New York Yankees: Yankees, Not Nationals or Cubs, Most Difficult Team to Support

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New York Yankees: Yankees, Not Nationals or Cubs, Most Difficult Team to Support
Nick Laham/Getty Images
Mariano Rivera

The Business Journals On Numbers created an index that purports to determine which baseball teams are the most difficult for their fans to root for.  The methods used to create the "Fans Difficulty Index" can be seen here.


The Washington Nationals are the most difficult team to root for, followed by the Chicago Cubs, Kansas City Royals and Pittsburgh Pirates

The New York Yankees, based on their playoff appearances, pennants and World Championships, are supposedly the least difficult team to support.

It is quite obvious to many Yankees fans that those who created the index know very little about the relationship between winning and the difficulties created by rooting for the Yankees.

As the late, great George M. Steinbrenner often said, the only successful season for the Yankees is one in which they win the last game of the baseball season, something they have done 27 times.

No fans experience more tension in October than Yankees fans. Granted, there is less tension during the regular season, since there has been little chance the Yankees won't make the playoffs. Since 1994, the season of the strike, they failed to be a playoff team only in 2008.

The "Fan Difficulty Index" rankings are based on losing. It is easy to lose.

The Brooklyn Dodgers were an excellent example of a team that was difficult to root for. They won pennants in 1941, 1947, 1949, 1952 and 1953. Well, wasn't Brooklyn a team that won?  Not to their fans.

In each of those five seasons, the Yankees beat the Dodgers in the World Series. Imagine the level of frustration and disappointment for Brooklyn's players and fans.

When they finally beat the Yankees in 1955, the release of tension was unbelievable.

Yankees fans expect them to win the World Series. Anything less is a failure. Losing in the playoffs is terrible, but not as disastrous as losing the World Series.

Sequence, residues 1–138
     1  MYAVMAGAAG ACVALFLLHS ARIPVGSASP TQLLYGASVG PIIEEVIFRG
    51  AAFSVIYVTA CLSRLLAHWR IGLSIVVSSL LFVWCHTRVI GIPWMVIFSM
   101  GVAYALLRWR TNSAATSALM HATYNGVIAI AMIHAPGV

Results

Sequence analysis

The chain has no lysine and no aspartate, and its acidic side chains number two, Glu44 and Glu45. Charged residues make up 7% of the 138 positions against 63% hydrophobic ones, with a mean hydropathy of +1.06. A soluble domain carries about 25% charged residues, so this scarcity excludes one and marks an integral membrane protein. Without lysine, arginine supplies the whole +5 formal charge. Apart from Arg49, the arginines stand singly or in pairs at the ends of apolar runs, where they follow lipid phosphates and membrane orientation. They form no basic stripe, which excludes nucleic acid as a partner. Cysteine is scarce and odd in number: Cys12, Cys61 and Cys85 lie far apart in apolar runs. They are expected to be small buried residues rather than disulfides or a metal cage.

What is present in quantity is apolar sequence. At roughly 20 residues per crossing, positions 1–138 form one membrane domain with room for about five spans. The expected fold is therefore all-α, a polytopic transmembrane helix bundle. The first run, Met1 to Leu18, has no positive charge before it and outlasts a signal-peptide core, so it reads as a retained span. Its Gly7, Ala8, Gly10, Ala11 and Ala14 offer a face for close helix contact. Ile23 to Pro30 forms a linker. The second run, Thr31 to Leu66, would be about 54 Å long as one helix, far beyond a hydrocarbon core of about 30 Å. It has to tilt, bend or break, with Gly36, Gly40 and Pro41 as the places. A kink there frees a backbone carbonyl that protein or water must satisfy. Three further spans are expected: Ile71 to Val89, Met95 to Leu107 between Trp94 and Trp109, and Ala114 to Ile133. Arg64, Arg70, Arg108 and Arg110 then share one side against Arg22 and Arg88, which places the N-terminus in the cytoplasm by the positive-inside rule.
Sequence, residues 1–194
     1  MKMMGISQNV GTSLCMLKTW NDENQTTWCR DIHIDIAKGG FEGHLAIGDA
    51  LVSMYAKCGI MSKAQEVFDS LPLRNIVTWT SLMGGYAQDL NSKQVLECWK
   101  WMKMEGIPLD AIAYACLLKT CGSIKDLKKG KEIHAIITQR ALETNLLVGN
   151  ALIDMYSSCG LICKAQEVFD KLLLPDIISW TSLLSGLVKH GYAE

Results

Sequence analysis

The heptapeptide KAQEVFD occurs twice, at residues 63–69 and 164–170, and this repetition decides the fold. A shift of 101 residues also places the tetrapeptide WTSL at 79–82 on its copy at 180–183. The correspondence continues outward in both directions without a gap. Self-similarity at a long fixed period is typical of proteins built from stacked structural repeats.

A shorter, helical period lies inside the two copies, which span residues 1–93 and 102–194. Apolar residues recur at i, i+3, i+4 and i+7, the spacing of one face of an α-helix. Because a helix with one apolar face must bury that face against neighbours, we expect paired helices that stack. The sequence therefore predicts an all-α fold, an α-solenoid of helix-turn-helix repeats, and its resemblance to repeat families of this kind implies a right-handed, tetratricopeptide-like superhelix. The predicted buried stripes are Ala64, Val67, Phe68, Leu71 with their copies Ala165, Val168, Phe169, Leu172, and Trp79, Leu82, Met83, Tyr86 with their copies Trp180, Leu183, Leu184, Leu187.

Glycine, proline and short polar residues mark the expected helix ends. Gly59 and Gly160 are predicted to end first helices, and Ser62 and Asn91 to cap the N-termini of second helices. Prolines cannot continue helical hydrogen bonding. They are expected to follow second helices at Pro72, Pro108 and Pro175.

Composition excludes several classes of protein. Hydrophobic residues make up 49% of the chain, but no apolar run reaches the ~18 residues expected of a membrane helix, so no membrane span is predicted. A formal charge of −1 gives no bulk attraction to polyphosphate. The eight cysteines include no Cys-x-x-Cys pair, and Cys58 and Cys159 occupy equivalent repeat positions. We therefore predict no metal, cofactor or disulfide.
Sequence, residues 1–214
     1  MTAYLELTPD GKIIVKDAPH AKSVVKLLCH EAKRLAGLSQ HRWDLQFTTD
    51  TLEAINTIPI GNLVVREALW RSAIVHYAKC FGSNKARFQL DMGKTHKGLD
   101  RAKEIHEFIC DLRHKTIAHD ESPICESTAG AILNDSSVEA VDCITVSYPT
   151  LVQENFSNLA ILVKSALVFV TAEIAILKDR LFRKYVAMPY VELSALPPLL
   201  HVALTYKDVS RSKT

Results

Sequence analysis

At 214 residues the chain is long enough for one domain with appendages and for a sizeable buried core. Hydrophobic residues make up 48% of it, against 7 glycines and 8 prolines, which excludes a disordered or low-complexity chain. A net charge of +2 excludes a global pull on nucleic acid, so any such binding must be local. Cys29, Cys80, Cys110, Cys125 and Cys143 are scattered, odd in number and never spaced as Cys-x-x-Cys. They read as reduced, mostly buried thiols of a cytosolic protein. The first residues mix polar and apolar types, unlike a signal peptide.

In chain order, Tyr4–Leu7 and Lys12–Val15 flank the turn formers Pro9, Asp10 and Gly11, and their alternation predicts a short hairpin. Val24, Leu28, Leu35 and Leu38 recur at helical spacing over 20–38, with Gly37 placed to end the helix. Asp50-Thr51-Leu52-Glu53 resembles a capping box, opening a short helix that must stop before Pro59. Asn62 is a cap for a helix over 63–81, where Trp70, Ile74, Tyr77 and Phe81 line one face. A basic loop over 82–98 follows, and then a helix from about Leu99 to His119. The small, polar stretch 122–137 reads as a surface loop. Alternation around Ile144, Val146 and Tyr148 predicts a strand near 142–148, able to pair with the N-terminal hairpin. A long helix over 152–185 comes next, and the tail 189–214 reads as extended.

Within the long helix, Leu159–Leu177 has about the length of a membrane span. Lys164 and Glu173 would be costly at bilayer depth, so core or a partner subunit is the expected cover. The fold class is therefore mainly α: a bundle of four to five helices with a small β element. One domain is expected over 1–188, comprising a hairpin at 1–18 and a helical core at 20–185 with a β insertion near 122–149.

The tension and pressure Yankees fans experience during the playoffs borders on unbearable. If they win the final playoff round, there is a brief period for recovery before the level of tension gets even greater, with the start of the World Series.

Some Yankees fans have admitted that they felt relief in 2008 when their team didn't qualify for the playoffs. They finally had a year in which October tension and pressure didn't exist for them.

When the Yankees met the New York Mets in the 2000 World Series, Mr.. Steinbrenner, representing all Yankees fans, implored the team to not lose. Derek Jeter, Paul O'Neill, Tino Martinez, Jorge Posada and Mariano Rivera knew what was at stake.

The Yankees had to win. The Mets wanted to win.

If those who created the "Fans Difficulty Index" knew the nature of winning, they would understand how abhorrent the ninth inning of the 2001 World Series was.

The Yankees led the Arizona Diamondbacks 2-1 with Mariano Rivera, the greatest closer in history, on the mound.

The Yankees lost and their fans suffered agony of defeat.  Some consider that loss worse than losing to the Pittsburgh Pirates in 1960.

Fans of the Nationals, Cubs, Royals and Pirates don't get too upset when their team loses. They almost expect it. When those teams win, their fans are ecstatic.

When one of those teams makes the playoffs, the season is a success. Losing in the playoffs is acceptable, because the team was just happy to be in the playoffs.

When the Yankees make the playoffs, the season is just beginning.

Many non-Yankees fans think that it's crazy to consider the only successful season to be one in which the Yankees win the World Series. 

Could it be because their team doesn't have to live up to the Yankees tradition?

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